Planting evergreens early in the fall will minimize chances of winter burn, which often is caused by a lack of water in the plant's tissues. Evergreens need plenty of time before the ground freezes to develop new roots and plenty of water for the roots to absorb. Try to get them planted before the middle of October and continue watering them weekly or as needed until the ground is frozen.
Winter burn also can be a problem for any evergreens planted over last three years if they go into winter dry, so water them too.
Fall is a good time to apply granular sulfur to the soil around plants such as rhododendrons and azaleas that prefer acidic soil conditions. Avoid contact with the sulfur by wearing latex gloves and keeping the dust out of your eyes. Apply the granules to the soil according to the package directions and gently scratch them in.
Sulfur works slowly in the soil and repeated applications may be necessary from year to year. One application in spring and another in fall should work well.
If you have deer in your neighborhood, it is time to protect the trunks of smooth-barked trees such as young maples from deer rubs. In late summer and early fall, deer often use the trunks of smooth-barked trees to rub the itchy velvet off their antlers. This can damage the bark and even kill trees if the damage goes all the way around the trunk. To help protect the tree, wrap the trunk with hardware cloth, chicken wire, plastic snow fencing or tree wrap to a height of 5 feet. Tree wrap gives the least protection and likely will not be adequate if your garden is near good deer habitat such as a forest preserve; hardware cloth is best. Be sure to remove any tree wrapping in early spring.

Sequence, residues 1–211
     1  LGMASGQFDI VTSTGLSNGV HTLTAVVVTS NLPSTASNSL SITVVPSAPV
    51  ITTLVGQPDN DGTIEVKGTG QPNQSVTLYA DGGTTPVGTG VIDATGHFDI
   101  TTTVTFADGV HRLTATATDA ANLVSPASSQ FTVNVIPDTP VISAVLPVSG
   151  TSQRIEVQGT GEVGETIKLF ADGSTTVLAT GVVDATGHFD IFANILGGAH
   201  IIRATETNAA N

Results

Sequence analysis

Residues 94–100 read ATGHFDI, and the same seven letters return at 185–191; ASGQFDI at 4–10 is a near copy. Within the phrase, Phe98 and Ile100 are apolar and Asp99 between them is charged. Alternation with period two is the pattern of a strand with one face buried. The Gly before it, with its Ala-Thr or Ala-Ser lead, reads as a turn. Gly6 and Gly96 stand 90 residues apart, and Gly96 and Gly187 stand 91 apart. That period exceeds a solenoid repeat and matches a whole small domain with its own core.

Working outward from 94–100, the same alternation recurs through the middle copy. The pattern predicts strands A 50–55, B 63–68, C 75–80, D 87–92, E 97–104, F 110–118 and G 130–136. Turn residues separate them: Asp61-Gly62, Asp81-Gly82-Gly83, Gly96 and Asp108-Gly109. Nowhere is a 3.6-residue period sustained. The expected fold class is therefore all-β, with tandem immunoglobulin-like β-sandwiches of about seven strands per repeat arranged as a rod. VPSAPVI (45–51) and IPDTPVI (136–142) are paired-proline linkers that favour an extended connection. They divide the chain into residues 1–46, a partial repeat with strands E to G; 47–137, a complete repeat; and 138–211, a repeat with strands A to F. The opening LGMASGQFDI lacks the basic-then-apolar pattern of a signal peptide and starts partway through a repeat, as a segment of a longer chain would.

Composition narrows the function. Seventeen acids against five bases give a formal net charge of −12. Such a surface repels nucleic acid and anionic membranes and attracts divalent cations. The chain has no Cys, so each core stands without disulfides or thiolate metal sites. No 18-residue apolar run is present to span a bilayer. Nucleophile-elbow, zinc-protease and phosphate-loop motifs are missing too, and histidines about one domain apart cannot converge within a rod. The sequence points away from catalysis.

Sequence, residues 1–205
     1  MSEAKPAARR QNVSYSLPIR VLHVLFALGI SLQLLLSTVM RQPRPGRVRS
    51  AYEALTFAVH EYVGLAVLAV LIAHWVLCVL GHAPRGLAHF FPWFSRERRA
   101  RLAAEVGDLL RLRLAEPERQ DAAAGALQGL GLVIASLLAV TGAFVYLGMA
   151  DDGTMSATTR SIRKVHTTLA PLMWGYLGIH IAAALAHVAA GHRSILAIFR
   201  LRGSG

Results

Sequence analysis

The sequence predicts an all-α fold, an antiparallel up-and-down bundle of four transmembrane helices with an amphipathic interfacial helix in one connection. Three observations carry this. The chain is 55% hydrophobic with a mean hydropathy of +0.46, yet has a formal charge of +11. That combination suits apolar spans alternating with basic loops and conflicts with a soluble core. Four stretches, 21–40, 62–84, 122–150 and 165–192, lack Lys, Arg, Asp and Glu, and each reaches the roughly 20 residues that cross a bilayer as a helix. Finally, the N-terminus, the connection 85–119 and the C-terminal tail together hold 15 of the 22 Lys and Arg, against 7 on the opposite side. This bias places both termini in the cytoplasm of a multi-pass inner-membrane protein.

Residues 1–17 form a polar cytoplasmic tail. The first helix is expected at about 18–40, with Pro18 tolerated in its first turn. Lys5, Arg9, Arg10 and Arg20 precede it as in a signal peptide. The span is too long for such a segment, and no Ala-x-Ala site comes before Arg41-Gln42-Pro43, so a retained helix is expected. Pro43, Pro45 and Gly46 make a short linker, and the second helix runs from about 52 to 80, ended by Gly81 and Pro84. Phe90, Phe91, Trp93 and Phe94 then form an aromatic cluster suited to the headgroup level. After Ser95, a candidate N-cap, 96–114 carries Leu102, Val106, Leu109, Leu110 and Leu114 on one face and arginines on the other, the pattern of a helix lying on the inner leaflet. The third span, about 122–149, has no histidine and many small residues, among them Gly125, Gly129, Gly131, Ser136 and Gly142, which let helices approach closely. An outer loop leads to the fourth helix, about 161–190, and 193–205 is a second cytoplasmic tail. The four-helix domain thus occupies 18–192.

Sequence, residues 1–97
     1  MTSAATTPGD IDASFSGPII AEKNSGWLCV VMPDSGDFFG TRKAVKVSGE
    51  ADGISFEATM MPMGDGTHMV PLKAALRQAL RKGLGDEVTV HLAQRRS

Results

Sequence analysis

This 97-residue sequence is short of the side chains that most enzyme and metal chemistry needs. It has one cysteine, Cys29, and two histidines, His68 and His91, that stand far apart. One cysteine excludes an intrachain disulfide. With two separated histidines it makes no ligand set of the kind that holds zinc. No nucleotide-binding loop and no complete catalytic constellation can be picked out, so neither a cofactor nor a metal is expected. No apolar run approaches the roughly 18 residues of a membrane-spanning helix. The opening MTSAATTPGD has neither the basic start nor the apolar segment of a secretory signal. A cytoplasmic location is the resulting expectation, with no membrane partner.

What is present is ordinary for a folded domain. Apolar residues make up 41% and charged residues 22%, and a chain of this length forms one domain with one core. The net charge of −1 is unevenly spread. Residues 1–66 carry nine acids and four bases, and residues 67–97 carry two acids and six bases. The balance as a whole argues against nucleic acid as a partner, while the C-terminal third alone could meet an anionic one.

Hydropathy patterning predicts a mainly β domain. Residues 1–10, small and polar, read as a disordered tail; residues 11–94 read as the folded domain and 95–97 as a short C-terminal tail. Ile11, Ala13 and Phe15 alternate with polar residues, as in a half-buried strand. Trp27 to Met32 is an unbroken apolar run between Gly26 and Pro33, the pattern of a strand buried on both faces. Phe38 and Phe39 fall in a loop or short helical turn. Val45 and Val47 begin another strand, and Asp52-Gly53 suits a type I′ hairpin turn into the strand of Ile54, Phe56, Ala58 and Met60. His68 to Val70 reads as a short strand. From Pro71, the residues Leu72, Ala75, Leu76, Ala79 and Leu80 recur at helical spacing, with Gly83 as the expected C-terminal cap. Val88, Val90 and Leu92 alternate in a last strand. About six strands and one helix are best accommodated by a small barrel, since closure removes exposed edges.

Contact a professional arborist if you have any ash trees in your garden that you want to protect from emerald ash borers. These insects continue to spread and affect more ash trees in the Chicago area. They will eventually kill any ash trees that have not been treated but will not attack other types of trees.
A number of signs may indicate the presence of emerald ash borers. The canopy of the ash tree will thin or die back. Emerald ash borer usually attacks the tops of trees first and then proceeds downward. Look for woodpecker damage on the outer back of the tree; as they feed on the larvae under the bark, the birds will leave vertical sections of bark with a scraped or shiny look. This is easy to see from the ground. New vigorous shoots arising directly from the trunk are another sign of emerald ash borer activity.
When you see an ash tree with these three conditions, it is very likely that there is a heavy infestation of emerald ash borer.
Insecticide treatments can fend off the insects, but only if they are applied while the tree is still relatively healthy, as the insecticides must be transported within the tree's tissues to reach the insects. It is probably too late to save a tree if it has lost more than 50 percent of its canopy. An arborist can help you decide the best course of action.
On lawns: Johnson's advice on fall lawn care will be published later in September.
• Tim Johnson is director of horticulture at Chicago Botanic Garden, chicagobotanic.org.